||Volume 17, Number 5, March 2005
On being well: The changing classroom
by Julia Johnson
At the Northern zone meeting in October 2004, participants wrote scenarios of their teaching experiences as a result of the B.C. Liberal education policy. Increased class sizes; inaccessible libraries; dirty classrooms; insufficient teaching resources; decreased support from counsellors; student support workers; speech and language pathologists; reduced time for teachers of ESL, music, and special education; and increased expectation for accountability through student assessment had all contributed to their frustrations.
Their significance as stressors in the workplace and their impact on our health become minimized by their repetition—until one hears someone say, "I am not able to meet the needs of the children in my classroom." To openly admit to others that one is not able to meet the needs of one’s students regardless of the working and learning conditions is not something a teacher is willing to do.
This is not a teacher who is without teaching and classroom-management skills, lacks experience, or is uncreative. This is a teacher who has the courage to admit that what she is being asked to do is unrealistic. In this classroom are six children who come to school hungry and need to be fed before they can be taught; seven children require the services of a counsellor because they have anxiety disorders, self-esteem issues, bullying behaviours, suffer from emotional trauma, or lack social skills; five children are on adapted programs and need the support of a student-support worker for core subjects; one student has special needs and requires an IEP with a full-time support worker; three students are medically diagnosed with ADHD; five children require an Aboriginal curriculum; and two children have religious beliefs that require the preparation of alternate learning material. Classrooms of today are not the same as classrooms of yesteryear and nothing says this more clearly than this teacher’s story.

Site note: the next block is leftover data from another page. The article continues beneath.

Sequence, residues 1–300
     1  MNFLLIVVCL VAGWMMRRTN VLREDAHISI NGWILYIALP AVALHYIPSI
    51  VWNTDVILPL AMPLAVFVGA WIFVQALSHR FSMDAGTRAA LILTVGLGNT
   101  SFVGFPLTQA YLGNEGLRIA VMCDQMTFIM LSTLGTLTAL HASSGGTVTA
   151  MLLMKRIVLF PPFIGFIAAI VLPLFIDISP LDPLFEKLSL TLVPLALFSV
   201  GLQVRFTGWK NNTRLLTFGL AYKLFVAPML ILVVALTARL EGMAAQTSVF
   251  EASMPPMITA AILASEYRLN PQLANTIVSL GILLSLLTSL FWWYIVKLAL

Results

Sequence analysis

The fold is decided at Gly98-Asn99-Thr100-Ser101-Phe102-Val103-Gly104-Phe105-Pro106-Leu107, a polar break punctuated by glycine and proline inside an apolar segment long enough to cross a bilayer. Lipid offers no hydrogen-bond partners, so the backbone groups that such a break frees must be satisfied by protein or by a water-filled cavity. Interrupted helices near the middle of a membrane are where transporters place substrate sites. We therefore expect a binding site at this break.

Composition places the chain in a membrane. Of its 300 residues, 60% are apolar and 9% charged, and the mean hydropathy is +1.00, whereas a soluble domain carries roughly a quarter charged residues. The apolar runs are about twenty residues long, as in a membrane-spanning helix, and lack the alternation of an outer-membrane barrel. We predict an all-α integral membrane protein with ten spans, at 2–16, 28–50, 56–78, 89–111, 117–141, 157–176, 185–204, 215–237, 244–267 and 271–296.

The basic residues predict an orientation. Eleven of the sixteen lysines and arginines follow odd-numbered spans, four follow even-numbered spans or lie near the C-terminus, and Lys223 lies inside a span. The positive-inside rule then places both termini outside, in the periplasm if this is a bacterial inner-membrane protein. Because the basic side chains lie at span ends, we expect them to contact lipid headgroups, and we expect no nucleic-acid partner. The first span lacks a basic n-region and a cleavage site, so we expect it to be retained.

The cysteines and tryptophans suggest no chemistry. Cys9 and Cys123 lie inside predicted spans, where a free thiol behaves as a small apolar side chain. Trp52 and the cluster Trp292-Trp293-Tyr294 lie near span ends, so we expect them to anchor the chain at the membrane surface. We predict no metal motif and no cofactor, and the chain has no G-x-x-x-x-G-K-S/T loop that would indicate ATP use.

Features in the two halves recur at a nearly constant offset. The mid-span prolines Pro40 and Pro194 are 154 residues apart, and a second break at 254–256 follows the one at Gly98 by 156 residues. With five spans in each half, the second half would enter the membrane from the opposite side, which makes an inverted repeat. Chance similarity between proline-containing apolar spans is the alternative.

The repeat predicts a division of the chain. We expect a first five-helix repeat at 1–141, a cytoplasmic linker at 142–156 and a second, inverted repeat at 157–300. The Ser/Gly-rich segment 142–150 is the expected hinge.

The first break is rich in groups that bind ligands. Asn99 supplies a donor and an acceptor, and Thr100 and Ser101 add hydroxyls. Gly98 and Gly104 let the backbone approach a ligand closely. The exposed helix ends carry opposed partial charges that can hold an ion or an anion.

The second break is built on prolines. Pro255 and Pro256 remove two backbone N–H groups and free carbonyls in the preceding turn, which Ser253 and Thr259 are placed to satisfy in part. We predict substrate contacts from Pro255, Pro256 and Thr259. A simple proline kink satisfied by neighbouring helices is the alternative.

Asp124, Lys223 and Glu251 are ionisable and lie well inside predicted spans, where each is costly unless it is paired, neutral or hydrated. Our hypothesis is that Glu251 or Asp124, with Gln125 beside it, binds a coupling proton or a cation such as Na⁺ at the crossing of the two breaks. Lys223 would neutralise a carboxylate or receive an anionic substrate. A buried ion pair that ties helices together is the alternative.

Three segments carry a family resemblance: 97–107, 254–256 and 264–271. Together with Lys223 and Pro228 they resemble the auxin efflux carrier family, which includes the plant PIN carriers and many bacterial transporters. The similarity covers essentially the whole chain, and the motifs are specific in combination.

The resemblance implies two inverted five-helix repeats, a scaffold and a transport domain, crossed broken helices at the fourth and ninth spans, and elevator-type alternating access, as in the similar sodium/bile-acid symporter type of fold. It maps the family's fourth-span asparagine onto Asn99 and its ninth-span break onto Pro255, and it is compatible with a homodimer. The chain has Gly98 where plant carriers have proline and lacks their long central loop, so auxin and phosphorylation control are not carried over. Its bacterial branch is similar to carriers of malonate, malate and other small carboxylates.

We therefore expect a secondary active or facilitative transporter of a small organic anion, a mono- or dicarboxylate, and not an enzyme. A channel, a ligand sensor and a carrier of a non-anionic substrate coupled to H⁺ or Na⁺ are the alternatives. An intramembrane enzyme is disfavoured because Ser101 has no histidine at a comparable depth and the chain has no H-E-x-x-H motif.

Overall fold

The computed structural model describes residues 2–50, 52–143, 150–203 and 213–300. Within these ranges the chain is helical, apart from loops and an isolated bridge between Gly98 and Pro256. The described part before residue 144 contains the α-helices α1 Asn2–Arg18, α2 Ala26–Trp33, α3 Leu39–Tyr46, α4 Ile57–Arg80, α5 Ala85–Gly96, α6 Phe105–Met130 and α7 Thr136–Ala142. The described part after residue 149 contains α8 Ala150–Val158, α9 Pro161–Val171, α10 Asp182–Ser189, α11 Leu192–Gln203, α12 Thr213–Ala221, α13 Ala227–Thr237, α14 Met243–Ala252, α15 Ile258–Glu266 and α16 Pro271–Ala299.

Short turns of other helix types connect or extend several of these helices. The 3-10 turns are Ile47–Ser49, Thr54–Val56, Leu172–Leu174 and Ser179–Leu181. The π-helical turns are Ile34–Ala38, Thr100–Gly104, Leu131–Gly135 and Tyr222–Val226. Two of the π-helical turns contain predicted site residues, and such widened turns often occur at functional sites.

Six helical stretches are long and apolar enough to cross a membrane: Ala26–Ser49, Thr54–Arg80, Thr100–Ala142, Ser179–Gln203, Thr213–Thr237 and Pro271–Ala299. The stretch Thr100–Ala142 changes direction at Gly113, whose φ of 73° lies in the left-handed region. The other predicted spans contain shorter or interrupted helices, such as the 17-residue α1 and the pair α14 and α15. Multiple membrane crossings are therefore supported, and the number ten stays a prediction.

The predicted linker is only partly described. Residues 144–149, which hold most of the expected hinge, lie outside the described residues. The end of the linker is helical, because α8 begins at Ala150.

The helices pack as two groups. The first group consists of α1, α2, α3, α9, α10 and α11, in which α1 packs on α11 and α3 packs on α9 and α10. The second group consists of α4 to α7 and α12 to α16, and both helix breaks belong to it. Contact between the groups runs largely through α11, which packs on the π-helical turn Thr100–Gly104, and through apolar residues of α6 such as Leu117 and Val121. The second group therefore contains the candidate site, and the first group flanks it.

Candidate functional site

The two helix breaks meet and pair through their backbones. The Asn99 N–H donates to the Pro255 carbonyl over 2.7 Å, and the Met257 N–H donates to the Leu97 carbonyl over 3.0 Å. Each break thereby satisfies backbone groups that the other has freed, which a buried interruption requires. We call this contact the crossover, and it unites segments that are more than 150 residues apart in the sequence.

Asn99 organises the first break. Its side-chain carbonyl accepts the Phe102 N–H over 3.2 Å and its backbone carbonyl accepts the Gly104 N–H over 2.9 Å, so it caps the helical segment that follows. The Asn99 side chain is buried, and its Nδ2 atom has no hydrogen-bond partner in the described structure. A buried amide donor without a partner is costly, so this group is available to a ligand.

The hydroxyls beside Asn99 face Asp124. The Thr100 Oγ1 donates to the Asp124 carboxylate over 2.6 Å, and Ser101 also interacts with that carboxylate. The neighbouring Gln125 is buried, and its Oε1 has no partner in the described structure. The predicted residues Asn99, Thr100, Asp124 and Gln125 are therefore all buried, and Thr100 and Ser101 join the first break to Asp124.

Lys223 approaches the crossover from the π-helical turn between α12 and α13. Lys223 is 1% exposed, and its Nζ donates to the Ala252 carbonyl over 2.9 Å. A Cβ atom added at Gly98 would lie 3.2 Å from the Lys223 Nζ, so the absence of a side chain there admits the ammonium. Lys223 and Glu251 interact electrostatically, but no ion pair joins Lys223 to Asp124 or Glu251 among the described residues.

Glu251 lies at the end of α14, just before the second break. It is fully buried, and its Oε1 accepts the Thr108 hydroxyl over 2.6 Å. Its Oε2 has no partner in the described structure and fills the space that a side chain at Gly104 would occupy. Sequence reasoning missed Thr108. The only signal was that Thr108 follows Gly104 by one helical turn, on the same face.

This teacher’s story is not unique, and this teacher is not alone in the work she is being asked to do. If the expectation is that the individual needs of these diverse students are to be met within one classroom by one teacher, teachers must acknowledge that they can no longer be the super heroes who continue to do more with less. Today’s teachers are being pulled in all directions, are experiencing untold anxiety, and are vulnerable to ill health because of the demands of changing classrooms.
The World Health Organization, after conducting several surveys on stress and illness has concluded that stress is a global epidemic. "Research now indicates that between 70 and 80% of all disease and illness is stress-related, most notably coronary heart disease, cancer, the common cold, migraine headaches, warts, some cases of female infertility, ulcers, insomnia, and hypertension." "Stress is the inability to cope with perceived or real (or imagined) threat to one’s mental, physical, emotional, and spiritual wellbeing which results in a series of physiological responses and adaptation." It is evident, "that stress is a very complex phenomenon that affects the whole person and not just the physical body" (Seward 1999).
If teaching is to be more than the daily-survival ritual it now is, teachers must take a stand and collectively challenge those who underfund education and undermine the work teachers do. Not to do so threatens our health and the future of our children.
Most of us chose teaching because we wanted to make a difference. As the May provincial election draws near, make a difference by taking action. Be a spokesperson for education and support those who support education.
Julia Johnson, a learning resource teacher at Red Bluff School, in Quesnel, is a BCTF PD wellness associate. firstname.lastname@example.org